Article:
N.Y. Eyes Sports Betting; Questions Slumping Results for New Casinos

With expectations mounting that the U.S. Supreme Court will overturn a federal ban on sports wagering the New York legislature will have at least one legalization bill to consider in its next session. Lawmakers, meanwhile, are huddling to come up with ways to bypass a constitutional amendment. This comes with a backdrop of disappointing revenue results at the three new casinos, including Rivers Casino (l.) in Schenectady where the GM resigned last week

New York legislators are looking for ways to add sports betting to the state’s already crowded gaming market pending a ruling from the U.S. Supreme Court that is expected to overturn a federal ban dating back 25 years.

The court is scheduled on December 4 to hear arguments in a case stemming from a long-running battle between New Jersey, which sought to legalize sports betting in 2012, and the country’s professional sports leagues and the NCAA, which have sued in the federal courts, so far successfully, to block it.

At issue is the Professional and Amateur Sports Protection Act, which Congress passed in 1992 amidst fears that the nationwide spread of legalized gambling then under way posed a threat to the integrity of sports. The law gave states a year to regulate sports betting on their own, but none did, with the effect that the industry has been restricted ever since to the four states where it was legal at the time: Nevada, still the only state to offer single-game wagers, and Oregon, Montana and Delaware, which offer various forms of parlay betting.

New Jersey argues that those exceptions are unconstitutional, and the fact that the Right-leaning court has agreed to hear the state’s appeal this go-round after declining to do so in the past has sports betting advocates hopeful that PASPA is soon to become history.

Lawmakers in several states are already moving to ensure their jurisdictions get in on the action.

In New York this likely will require a constitutional amendment similar to the one voters approved in a 2013 referendum authorizing full-scale Las Vegas-style commercial casinos. Queens Democrat David Weprin has a bill ready for introduction in the next session of the legislature that will put bookmaking on the ballot in 2019 if it is approved by successive legislative sessions, as required by state law.

Strategies also are being explored for legalizing the industry without going through the lengthy amendment process.

“The lawyers are looking at that right now,” said Gary Pretlow, the Westchester Democrat who chairs the state Assembly’s Racing and Wagering Committee.

Whatever way it goes, observers expect licensing will have to be offered to the state’s racetracks, racinos and OTB parlors as well as the three commercial casinos, which are struggling in their first year to achieve the revenues they, and the state, thought they would.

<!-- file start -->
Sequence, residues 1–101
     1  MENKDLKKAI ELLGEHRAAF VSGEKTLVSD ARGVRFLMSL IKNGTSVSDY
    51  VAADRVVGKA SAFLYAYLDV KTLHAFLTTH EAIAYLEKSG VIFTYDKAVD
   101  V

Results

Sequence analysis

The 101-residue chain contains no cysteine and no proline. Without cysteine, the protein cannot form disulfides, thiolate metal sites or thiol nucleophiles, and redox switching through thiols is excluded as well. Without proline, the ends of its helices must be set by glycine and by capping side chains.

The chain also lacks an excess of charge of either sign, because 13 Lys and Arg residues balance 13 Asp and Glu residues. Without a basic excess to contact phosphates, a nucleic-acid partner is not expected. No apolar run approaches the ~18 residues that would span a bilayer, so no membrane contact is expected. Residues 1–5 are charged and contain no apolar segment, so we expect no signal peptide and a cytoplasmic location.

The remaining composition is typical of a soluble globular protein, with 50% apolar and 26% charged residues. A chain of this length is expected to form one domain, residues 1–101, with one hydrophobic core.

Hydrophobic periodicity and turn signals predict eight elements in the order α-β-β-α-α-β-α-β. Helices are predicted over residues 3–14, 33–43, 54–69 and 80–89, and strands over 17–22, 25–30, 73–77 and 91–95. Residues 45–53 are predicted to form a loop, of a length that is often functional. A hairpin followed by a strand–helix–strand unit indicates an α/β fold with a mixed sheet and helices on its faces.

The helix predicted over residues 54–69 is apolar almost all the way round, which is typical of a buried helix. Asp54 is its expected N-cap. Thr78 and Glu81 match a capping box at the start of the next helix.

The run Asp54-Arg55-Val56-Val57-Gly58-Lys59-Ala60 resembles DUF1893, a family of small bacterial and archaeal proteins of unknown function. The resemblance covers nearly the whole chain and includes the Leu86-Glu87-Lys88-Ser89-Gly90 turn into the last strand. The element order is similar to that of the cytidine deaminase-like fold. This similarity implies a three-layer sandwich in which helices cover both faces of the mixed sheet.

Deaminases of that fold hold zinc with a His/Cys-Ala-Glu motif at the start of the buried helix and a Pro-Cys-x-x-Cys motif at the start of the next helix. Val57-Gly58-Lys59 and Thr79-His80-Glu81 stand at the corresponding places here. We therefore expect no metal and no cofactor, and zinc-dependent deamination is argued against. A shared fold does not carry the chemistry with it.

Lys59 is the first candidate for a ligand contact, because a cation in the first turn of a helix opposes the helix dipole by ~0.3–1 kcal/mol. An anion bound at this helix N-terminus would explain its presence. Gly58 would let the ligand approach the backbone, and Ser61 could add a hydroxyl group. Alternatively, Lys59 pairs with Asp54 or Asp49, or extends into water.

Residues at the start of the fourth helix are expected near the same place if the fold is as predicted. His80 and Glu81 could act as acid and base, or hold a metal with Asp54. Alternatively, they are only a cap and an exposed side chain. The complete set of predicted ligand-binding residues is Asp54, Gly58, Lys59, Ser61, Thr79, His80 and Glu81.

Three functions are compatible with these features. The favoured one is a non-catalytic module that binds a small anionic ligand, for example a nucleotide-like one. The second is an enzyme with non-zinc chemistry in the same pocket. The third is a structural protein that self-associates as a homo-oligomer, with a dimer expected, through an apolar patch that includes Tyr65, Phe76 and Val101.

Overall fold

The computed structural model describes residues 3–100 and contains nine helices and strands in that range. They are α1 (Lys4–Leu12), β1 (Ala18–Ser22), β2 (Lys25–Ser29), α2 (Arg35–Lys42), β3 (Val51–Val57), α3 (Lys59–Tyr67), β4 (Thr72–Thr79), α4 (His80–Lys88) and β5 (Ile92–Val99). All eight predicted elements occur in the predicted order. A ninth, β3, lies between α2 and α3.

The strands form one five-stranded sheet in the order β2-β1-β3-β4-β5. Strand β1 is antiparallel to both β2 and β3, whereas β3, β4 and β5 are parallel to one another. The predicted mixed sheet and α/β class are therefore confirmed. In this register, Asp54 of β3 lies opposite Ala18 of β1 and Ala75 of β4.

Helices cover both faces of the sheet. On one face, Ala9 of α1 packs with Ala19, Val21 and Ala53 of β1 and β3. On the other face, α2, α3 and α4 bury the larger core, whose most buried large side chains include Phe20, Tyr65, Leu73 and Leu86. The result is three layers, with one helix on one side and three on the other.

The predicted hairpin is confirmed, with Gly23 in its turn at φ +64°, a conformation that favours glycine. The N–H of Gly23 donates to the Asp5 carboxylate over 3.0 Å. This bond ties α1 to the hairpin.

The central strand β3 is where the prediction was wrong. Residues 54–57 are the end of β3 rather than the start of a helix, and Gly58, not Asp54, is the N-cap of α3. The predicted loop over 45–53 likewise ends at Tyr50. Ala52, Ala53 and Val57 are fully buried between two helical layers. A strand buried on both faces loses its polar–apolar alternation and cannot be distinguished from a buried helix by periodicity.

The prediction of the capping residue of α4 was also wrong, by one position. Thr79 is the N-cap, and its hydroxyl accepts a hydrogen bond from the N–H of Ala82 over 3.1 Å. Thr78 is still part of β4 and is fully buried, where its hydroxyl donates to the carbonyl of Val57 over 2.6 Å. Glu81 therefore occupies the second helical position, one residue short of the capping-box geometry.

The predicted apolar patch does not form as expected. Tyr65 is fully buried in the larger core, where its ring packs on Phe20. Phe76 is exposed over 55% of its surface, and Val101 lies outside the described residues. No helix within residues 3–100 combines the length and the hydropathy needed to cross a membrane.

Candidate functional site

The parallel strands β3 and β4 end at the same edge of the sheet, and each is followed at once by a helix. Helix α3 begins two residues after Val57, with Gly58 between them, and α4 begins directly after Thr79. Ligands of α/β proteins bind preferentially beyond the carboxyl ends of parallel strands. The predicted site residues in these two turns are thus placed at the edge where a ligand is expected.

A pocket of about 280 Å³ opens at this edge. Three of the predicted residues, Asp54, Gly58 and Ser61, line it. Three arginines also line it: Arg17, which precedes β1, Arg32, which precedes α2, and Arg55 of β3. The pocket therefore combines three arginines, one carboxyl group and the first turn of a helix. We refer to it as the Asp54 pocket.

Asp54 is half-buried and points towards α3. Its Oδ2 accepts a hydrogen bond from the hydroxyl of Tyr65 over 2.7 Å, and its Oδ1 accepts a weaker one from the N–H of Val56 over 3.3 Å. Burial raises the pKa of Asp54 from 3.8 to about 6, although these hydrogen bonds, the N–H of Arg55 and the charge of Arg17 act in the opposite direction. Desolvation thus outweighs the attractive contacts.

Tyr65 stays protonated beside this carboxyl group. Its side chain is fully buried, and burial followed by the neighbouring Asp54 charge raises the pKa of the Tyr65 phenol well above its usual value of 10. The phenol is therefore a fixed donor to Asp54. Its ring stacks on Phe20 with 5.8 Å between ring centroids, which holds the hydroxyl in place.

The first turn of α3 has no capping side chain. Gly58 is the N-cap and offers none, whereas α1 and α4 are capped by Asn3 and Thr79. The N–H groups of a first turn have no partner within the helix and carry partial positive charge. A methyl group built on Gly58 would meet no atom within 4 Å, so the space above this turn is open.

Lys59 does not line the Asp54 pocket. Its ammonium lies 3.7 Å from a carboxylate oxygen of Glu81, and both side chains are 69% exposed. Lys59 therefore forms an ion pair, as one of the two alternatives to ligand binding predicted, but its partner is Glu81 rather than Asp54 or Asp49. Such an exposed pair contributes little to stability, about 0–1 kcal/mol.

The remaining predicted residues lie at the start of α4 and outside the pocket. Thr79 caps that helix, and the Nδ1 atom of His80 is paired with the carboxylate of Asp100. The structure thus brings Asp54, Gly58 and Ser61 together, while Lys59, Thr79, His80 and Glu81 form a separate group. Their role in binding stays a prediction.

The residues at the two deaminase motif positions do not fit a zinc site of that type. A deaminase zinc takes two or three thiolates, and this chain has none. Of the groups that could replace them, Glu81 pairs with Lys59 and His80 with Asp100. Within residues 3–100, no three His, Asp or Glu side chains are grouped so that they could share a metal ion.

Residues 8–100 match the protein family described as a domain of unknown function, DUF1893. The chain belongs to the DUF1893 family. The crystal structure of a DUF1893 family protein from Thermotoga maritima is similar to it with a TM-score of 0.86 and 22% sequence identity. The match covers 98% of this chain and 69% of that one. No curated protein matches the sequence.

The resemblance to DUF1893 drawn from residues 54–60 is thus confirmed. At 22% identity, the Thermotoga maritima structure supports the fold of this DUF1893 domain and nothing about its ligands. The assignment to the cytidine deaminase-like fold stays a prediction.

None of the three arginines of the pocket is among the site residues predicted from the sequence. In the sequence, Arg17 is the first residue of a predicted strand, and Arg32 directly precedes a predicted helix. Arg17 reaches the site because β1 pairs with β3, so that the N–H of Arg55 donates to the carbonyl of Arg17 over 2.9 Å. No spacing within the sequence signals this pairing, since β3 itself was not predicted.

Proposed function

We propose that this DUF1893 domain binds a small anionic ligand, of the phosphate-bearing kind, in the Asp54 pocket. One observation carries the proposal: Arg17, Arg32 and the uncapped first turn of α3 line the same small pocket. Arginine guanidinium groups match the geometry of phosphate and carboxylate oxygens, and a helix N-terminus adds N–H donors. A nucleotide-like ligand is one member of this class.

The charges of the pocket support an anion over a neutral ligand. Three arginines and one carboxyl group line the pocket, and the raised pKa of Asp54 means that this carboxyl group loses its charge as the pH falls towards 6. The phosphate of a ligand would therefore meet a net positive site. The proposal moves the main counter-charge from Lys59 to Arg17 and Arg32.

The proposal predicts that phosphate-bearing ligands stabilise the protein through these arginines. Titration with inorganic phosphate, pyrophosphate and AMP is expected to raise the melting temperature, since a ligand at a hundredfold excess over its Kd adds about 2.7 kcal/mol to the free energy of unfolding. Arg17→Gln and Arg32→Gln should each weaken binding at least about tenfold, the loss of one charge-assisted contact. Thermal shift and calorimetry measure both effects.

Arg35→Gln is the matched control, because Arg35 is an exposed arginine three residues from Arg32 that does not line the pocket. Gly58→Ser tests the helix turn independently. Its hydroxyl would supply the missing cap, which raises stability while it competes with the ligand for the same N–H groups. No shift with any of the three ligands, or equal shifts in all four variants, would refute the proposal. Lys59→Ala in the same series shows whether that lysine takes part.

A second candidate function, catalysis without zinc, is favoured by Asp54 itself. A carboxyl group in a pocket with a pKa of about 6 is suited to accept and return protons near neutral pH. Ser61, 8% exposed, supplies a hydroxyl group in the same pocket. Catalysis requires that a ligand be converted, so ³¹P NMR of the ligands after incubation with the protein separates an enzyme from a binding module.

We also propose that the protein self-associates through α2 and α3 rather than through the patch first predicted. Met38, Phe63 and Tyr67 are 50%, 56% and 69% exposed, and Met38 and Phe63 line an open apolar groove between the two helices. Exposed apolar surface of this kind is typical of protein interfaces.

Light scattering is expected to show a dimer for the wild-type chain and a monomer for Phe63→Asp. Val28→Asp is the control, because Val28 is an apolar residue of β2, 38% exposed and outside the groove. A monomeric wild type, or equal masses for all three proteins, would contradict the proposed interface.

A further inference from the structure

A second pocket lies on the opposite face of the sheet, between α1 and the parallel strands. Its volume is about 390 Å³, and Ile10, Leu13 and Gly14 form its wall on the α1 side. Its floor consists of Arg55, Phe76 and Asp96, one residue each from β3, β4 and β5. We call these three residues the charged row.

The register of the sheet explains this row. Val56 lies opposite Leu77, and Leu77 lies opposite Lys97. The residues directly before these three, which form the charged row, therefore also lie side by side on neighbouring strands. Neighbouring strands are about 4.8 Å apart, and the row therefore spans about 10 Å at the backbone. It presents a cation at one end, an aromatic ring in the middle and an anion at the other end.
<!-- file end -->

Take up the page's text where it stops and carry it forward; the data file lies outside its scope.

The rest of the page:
“We would be at a distinct disadvantage,” said Henry Wojtaszek, CEO of Batavia Downs racino and harness track.

The casinos―Rivers Casino & Resort in Schenectady, del Lago Resort & Casino in the Finger Lakes and Tioga Downs near Binghamton―are expected to end 2017 shy of first-year revenue projections by a combined $220 million. And with a fourth resort, the biggest and most expensive yet, slated to open in the Catskills in the spring, just 90 miles from New York City, serious concerns about market saturation are being raised across New York.

This was brought home to state lawmakers earlier this year when the racetrack casinos began lobbying aggressively for tax breaks to keep them afloat in the midst of the new casino competition. Earlier this year, Vernon Downs Casino and Hotel owner Jeff Gural, who also owns Tioga Downs and its casino, threatened to close Vernon Downs unless a reduction in its taxes was forthcoming. He got it. More recently, Empire City Casino at Yonkers Raceway, whose 5,000 slots and e-tables make it one of the largest racinos in the state, has hired J.P. Morgan Chase to explore strategic alternatives. This could involve bringing in partners. It could involve an outright sale.

Indian-owned casinos are feeling the heat, too. In March, the Seneca Nation announced it was halting more than $100 million in annual payments to the state from slot machine revenues at its casinos in Buffalo, Niagara Falls and Salamanca. The tribe alleges the state violated the compact by allowing the four new casinos in its market area. The Cuomo administration is challenging that decision, and the dispute is headed to arbitration, and from there most likely to federal court.

Meanwhile, the casinos’ struggles claimed their first casualty last week with the resignation of Rivers General Manager Mary Cheeks, who quit just nine months after the property opened.

Cheeks “has decided to pursue other opportunities outside of the company,” said Greg Carlin, CEO of Rivers parent Rush Street Gaming. She has been succeeded in the interim by Assistant GM Justin Moore, the company said.

Rivers, which employs 1,000 people, debuted with lofty expectations the first week of February and recorded $11.08 million in revenue its first month. It has averaged only $11.7 million a month since, a pace that will leave it short of first-year projections by as much as $80 million.

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